By Kyle Kenney
Science Communications Intern
On Sunday, May 20th, Access2Research’s (A2R) petition supporting open-access (OA) policy went live on the White House’s petition webpage. 50 hours later, the petition titled “Require free access over the Internet to scientific journal articles arising from taxpayer-funded research” had gathered 10,000 signatures, setting a pace that will undoubtedly beat the White House’s 30-day window for a petition to get 25,000 signatures. This morning the number of petitioners crossed the 19,000-mark.
Why has this petition achieved such quick success? Well, along with the help of social media and A2R’s dedicated leaders, the petition provides an unmatched opportunity for ordinary Americans without the means to financially influence members of Congress to make a difference in the country’s research infrastructure. And it’s an opportunity we can’t afford to pass up — literally.
Publishers can charge up to $30 for an article you have already paid for (through taxation), a practice that costs Harvard University upwards of $3.75 million per year, according to this memo. To Harvard this figure may not make much of a dent in its $26 billion endowment, but to a school of smaller means, the price-tag that large publishers are slapping on journals and papers can result in a financial crater. To a given individual, paying for a taxpayer-funded research paper should seem absurd.
So what exactly is A2R’s petition aiming to do? Its website makes the goal loud and clear: “Require free access over the Internet to journal articles arising from taxpayer-funded research.” A2R and other OA advocates wish to urge the Obama administration to address this issue in order to eliminate paywalls that publishing companies have constructed in order to profit from research, a great deal of which has already been paid for by the American public. Along with breaking down financial barriers, OA supporters also seek to make research immediately available rather than waiting a year for NIH-supported information to become free, a policy that the NIH adopted in 2008.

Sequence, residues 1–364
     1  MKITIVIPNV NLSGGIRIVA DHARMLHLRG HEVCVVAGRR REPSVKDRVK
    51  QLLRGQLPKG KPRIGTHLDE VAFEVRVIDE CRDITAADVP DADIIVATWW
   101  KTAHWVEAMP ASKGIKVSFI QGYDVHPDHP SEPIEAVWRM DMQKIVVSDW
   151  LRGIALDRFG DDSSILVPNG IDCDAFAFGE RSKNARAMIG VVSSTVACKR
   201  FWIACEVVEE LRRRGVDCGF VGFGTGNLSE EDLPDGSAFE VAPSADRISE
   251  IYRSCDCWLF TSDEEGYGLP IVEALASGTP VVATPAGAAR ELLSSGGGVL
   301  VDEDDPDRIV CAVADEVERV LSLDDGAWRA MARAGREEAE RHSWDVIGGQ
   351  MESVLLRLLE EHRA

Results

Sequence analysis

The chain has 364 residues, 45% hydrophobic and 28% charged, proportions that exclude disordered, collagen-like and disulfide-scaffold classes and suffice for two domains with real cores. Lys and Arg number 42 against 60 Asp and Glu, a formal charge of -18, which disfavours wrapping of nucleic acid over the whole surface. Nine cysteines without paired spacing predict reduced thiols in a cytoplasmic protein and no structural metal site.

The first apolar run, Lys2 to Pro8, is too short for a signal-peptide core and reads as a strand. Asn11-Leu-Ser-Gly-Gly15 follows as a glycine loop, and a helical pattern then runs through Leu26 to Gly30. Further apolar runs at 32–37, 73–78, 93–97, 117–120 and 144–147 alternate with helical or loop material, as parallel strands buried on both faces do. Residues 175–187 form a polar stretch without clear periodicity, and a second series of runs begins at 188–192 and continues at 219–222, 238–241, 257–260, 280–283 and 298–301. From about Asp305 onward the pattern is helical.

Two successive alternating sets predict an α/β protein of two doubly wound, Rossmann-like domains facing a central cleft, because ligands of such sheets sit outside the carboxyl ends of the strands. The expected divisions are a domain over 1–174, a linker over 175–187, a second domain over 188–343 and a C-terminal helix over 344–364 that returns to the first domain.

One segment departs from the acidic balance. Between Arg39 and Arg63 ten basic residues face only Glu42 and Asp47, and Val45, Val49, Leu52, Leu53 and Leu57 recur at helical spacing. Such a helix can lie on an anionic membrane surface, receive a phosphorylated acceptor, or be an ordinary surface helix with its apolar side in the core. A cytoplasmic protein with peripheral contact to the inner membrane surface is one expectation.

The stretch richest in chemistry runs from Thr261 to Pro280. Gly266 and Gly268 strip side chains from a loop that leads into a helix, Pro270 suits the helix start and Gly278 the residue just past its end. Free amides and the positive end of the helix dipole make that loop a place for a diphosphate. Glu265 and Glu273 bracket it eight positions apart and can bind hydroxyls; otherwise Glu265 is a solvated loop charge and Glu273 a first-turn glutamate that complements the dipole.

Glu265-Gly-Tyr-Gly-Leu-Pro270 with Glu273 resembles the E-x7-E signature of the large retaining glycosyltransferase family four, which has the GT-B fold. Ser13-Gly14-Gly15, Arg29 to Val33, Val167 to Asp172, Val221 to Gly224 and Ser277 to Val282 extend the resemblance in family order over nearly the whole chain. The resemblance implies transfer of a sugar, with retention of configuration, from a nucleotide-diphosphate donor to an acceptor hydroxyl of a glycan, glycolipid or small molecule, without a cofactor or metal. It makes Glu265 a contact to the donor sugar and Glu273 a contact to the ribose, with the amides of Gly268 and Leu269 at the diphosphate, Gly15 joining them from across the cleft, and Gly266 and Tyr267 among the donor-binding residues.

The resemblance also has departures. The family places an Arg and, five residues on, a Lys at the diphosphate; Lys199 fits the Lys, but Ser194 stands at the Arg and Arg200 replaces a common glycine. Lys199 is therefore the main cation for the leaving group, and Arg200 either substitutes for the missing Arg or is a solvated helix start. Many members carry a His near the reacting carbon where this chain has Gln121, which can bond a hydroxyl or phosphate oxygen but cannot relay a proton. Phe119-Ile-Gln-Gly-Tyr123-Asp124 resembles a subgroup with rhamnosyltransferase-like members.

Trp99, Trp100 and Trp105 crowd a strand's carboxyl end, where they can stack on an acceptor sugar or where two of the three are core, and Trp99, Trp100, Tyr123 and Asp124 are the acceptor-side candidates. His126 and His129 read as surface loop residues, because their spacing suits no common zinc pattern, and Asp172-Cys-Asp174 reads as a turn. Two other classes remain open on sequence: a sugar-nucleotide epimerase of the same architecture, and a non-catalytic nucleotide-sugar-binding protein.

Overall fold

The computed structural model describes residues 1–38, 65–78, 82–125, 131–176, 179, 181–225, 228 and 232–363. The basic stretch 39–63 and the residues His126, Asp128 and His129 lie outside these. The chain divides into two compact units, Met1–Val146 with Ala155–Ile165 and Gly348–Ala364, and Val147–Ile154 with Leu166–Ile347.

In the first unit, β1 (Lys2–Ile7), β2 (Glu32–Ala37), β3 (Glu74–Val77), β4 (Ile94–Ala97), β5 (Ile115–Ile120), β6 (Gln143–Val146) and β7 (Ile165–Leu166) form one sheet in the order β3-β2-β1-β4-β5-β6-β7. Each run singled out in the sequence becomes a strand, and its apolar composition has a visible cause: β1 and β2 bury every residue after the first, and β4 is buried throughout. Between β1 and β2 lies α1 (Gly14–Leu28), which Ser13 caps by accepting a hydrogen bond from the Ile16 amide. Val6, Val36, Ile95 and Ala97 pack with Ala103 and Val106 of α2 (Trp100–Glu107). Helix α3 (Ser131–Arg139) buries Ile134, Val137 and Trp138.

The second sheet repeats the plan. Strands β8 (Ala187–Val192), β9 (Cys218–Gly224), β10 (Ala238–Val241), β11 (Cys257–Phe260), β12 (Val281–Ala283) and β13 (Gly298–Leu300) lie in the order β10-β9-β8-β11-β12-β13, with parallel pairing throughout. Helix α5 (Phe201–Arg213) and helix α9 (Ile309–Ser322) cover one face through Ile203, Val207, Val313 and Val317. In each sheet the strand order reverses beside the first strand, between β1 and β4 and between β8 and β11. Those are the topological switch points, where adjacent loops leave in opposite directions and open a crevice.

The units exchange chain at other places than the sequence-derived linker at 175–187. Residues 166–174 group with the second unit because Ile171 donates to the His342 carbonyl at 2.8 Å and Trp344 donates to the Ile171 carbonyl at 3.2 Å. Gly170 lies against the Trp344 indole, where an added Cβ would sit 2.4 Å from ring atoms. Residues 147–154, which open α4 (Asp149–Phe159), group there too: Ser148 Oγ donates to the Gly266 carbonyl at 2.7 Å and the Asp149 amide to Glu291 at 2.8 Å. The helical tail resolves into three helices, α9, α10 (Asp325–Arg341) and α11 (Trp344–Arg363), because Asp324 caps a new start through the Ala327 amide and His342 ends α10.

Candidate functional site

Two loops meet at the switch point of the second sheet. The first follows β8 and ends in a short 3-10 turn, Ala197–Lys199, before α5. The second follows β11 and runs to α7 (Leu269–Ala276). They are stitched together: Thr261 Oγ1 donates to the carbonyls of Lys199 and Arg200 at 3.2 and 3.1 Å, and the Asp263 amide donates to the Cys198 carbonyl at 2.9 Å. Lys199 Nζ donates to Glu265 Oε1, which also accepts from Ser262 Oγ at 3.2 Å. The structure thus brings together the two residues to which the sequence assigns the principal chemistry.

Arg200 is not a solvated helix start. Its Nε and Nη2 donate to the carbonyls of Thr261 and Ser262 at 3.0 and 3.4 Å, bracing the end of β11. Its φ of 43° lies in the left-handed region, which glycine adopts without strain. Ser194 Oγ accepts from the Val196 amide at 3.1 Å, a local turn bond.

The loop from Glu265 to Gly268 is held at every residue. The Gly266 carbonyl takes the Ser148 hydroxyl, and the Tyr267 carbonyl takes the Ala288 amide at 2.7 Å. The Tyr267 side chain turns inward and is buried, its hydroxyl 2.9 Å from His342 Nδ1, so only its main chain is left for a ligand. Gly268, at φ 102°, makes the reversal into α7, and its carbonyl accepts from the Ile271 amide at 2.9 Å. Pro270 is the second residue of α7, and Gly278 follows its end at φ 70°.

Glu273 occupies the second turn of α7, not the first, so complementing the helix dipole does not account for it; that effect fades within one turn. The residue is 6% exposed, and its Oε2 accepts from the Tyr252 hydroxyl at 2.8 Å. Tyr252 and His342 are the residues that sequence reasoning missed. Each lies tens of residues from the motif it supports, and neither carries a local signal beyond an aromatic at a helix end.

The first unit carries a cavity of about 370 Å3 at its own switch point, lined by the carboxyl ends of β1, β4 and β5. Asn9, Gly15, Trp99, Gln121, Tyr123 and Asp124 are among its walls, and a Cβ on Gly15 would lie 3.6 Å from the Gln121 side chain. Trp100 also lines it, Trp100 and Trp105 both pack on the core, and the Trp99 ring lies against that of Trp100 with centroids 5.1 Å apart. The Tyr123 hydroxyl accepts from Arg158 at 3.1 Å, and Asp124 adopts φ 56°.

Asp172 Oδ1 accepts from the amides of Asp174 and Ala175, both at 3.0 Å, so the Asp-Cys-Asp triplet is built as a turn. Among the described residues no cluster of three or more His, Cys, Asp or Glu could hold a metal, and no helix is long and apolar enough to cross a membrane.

Why should you care? For starters, you’ve already paid for research funded by the government. I’m not going to pretend to know the ins and outs of the publishing system, but for-profit journals are raking in dough while authors of the research — and the funders — may not see any of it. Signing A2R’s petition can be seen as part of a movement that seeks balance in the weight that wealthy individuals and corporations exert over federal policy-making.
We’re all familiar with the Occupy Movement’s call to arms, “We are the 99 percent!” According to Harvard law professor Larry Lessig, the Occupy Movement’s claim isn’t exactly correct. In fact, Lessig points out that 196 Americans, or .0000063 percent of the country’s population, have given 80 percent of this year’s total Super Pac funding. (If you click the link to Mr. Lessig’s presentation, skip ahead to 29:50 for this particular argument.) The logical conclusion from petitions like A2R’s is that hopefully “The People,” as Lessig refers to the public at-large, can take Congress back from “The Funders,” Lessig’s nickname for the corporations and well-endowed individuals who have been pouring money into the political machine.
What’s most important, though, is that federal research benefits you. What if America can start producing its own clean energy? What if there is a drug out there that can cure, treat or prevent ME/CFS? These are just a few important questions that research can possibly answer. So why should anyone require you to pay twice for it? In the interest of spreading knowledge, fostering innovation, and unlocking discoveries, this petition is something we should all get behind.
- Argentina recently produced pro-OA legislation
- The UK is transitioning over to open-access to research
- The University of California – San Francisco has moved to OA
- Scientific American and The Chronicle of Higher Education bloggers have thrown their support behind A2R’s petition.
So please take a few minutes to sign the petition (http://wh.gov/6TH). It may not be perfect, but even those who don’t completely agree with its wording cannot deny that it is the first step to our country’s very own piece of pro-OA legislation.
Kyle Kenney is the CFIDS Association of America’s summer science communications intern. Kyle is a sophomore industrial engineering major at the Georgia Institute of Technology and a native of Charlotte, North Carolina. He has family members with CFS.